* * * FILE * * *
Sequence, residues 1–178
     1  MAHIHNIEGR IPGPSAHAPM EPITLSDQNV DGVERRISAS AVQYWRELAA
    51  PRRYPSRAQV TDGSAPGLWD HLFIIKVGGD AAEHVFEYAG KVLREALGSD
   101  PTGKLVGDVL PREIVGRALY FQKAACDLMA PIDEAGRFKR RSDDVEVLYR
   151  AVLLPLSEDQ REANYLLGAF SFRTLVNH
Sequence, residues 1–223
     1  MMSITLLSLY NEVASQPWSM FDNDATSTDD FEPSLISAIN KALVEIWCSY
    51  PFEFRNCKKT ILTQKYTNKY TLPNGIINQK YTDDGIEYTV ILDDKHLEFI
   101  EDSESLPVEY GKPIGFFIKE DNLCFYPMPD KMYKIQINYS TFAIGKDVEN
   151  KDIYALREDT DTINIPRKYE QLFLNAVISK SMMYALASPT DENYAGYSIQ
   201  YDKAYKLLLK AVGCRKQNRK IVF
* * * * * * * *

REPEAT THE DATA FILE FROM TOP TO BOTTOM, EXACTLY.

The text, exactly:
Sequence, residues 1–178
     1  MAHIHNIEGR IPGPSAHAPM EPITLSDQNV DGVERRISAS AVQYWRELAA
    51  PRRYPSRAQV TDGSAPGLWD HLFIIKVGGD AAEHVFEYAG KVLREALGSD
   101  PTGKLVGDVL PREIVGRALY FQKAACDLMA PIDEAGRFKR RSDDVEVLYR
   151  AVLLPLSEDQ REANYLLGAF SFRTLVNH
Sequence, residues 1–223
     1  MMSITLLSLY NEVASQPWSM FDNDATSTDD FEPSLISAIN KALVEIWCSY
    51  PFEFRNCKKT ILTQKYTNKY TLPNGIINQK YTDDGIEYTV ILDDKHLEFI
   101  EDSESLPVEY GKPIGFFIKE DNLCFYPMPD KMYKIQINYS TFAIGKDVEN
   151  KDIYALREDT DTINIPRKYE QLFLNAVISK SMMYALASPT DENYAGYSIQ
   201  YDKAYKLLLK AVGCRKQNRK IVF